Vin is thinking about how the mist is staying later and later every day, instead of just disappearing with dawn, when she feels the pulsing of the mist spirit coming from Elend’s tent. She runs in, just in time to see the outline of that spirit lift some kind of knife to attack Elend, who is sleeping on the ground. She attacks the spirit and it disappears. Elend wakes up and never knows what was happening. She leaves Elend to sleep a little more and goes out to speak with Spook. He thinks someone is following them. Meanwhile, Sazed and the crew get ready, since it looks like the Koloss are about to attack. Men are at each gate, with one crewmember there to help. Straff sees that the koloss are attacking, but he tells his men to wait. Vin and Elend attack the camp of people that have been following them. It turns out to be Jastes. He’s lost control of the koloss, so he just left them. Elend kills Jastes because of his crimes against Luthadel. Vin discovers that the drumming sounds are getting softer, meaning the well is to the south, in Luthadel, and not in the Terris mountains.

Breeze works at his assigned gate, soothing soldiers by the dozen, helping them to be brave and fight well. The koloss pound at the door, while men atop the wall rain arrows down on the attackers. The koloss throw rocks up in return, smashing archers. Meanwhile, Vin runs towards Luthadel, burning pewter. She knows she will run out of pewter long before reaching Luthadel, and she wonders if the effect will kill her. But still she keeps running. Breeze and Clubs talk while the koloss continue to beat the gate. They blame themselves for being stupid enough to be in this mess, and they blame Kelsier for getting them into such responsibilities. Just then, the gates burst open. Meanwhile, Sazed gets word that Breeze’s gate had fallen. He doesn’t think he can really help. He notices that there is a crowd of skaa standing behind the defense force. When Sazed confronts them, telling them that they should flee to safety inside the city, the skaa answer that they are there to witness the fall of the koloss at the hands of Vin, who they are sure will return and make her appearance at Sazed’s gate. Then the gate breaks. Sazed musters his stored strength, growing in size, and faces the lead koloss, shouting for the men to fight. Vin, half collapsing and out of pewter, reaching a small village. At first she thinks to ask for pewter, but then she remembers how she used to travel with Kelsier on a path of metal bars in the ground. She asks for horseshoes, using them to “walk” by leaping, placing horseshoes ahead of her and pulling the ones behind to place further. In this way, she uses the horseshoes like stilts to help her travel in the air.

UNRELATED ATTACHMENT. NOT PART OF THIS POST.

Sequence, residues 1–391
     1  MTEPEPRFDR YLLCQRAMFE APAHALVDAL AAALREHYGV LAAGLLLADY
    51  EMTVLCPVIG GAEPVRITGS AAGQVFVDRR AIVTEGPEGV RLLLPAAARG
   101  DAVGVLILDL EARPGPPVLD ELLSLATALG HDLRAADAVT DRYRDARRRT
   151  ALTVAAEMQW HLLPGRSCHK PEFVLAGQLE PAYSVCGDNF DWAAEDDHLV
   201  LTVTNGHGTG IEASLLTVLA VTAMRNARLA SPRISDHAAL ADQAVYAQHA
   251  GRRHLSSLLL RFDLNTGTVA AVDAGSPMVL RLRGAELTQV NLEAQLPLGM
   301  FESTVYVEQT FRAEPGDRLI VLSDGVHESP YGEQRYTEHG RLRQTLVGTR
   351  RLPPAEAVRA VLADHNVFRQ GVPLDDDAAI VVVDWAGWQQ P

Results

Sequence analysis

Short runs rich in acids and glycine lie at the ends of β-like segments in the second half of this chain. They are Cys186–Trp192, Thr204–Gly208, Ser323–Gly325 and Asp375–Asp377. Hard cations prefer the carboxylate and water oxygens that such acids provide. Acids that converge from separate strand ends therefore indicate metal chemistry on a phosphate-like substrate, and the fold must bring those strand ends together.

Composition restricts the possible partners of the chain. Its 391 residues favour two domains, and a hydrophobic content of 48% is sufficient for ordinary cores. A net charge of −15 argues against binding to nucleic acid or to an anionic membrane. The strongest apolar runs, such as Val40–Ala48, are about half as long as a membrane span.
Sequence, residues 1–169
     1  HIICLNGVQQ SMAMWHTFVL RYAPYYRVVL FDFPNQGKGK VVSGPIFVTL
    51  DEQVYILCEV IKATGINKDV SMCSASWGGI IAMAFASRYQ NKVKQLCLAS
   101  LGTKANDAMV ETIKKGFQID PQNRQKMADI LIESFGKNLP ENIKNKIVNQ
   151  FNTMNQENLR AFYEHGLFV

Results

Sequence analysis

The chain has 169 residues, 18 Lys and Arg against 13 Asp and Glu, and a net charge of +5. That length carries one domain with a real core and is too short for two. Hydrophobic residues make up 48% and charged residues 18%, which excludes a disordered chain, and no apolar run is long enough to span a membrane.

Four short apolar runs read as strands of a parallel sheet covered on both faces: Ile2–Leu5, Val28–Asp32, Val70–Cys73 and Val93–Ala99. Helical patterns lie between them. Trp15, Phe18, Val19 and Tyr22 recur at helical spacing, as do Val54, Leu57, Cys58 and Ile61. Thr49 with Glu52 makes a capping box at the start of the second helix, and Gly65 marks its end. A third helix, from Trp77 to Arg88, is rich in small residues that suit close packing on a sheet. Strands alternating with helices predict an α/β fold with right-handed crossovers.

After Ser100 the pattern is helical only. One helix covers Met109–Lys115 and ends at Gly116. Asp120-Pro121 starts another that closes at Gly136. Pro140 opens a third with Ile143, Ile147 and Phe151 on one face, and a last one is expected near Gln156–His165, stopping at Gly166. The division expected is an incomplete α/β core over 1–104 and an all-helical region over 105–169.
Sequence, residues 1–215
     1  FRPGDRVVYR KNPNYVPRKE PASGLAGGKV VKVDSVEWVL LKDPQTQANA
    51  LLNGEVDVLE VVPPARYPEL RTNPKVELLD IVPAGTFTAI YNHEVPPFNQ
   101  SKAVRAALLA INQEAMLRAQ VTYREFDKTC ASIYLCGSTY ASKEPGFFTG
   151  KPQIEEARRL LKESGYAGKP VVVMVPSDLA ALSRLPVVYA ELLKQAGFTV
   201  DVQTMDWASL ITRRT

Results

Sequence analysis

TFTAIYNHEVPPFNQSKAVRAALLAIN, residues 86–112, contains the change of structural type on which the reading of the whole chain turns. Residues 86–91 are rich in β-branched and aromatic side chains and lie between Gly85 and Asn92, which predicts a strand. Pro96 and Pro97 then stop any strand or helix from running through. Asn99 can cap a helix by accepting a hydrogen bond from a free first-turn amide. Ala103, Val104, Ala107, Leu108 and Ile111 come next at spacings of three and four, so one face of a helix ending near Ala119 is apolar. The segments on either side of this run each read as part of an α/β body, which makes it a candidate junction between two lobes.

Outside Luthadel, Straff Venture sees that the koloss have now broken into the city gates. His men are ready to attack the koloss from the rear, but Straff decides to wait longer. Sazed, fighting the koloss, realizes that they need to get the gate closed again in order to survive. Using strength and weight, he manages to fight off the koloss and get the gate closed again. While getting a little break, a messenger comes and says that Tindwyl’s gate fell over an hour ago. Meanwhile, Clubs and Breeze are attacked and forced to run. Clubs is killed, while Breeze hides in a building. Dockson contemplates the root of their failure. He attacks a koloss, only to be cut down. Straff decides not to swoop in a save the city while the koloss are weak. Instead, he’d rather wait for the koloss to kill everyone and burn the city. Then Straff will move in. Meanwhile, Sazed fights on, wondering what happened to Tindwyl. He feels he is going to die, but then Vin arrives and starts killing koloss. Breeze is found by Ham and some others. They want to try to escape.

Vin continues killing koloss, several at a time. Sazed, outside Lord Penrod’s keep, begs the newly appointed king to go with them as they try to escape. Penrod insists on staying inside his keep. Vin continues to fight the koloss, but now she is almost completely out of pewter, steel, and almost every other metal. In desperation, to save some skaa from certain death, she super-soothes them, like she’d done to TenSoon, controlling the koloss with her mind. Sazed is standing outside Penrod’s keep when Vin walks up with koloss in tow. She orders Penrod to gather his men and put out the fires in Luthadel. Vin will take care of the koloss throughout the city. Later, Sazed finds Tindwyl’s dead body among the slain soldiers. He feels that all the faith, all the religions, he has always treasured is now useless. His life, he believes, has been a sham.

Straff wakes up and takes a sample of the drug he needs to stay alive. He gathers his men, expecting to be able to take the city now. But the koloss come out with the remaining soldiers of Luthadel. Vin jumps from among the koloss, sailing through the sky with a giant sword, cleaving Straff and his horse in half on impact. Allrianne watches these events from her father’s camp. She charges after them to help Luthadel’s army, forcing her father and his men to ride after her. Straff’s army surrenders, and Janarle, Straff’s general, is named the new Lord of the Venture army. Janarle, Penrod, and Cett all swear loyalty to Elend as their Emperor. Vin, needing rest, leaves Sazed in charge of the Empire until Elend can return to Luthadel.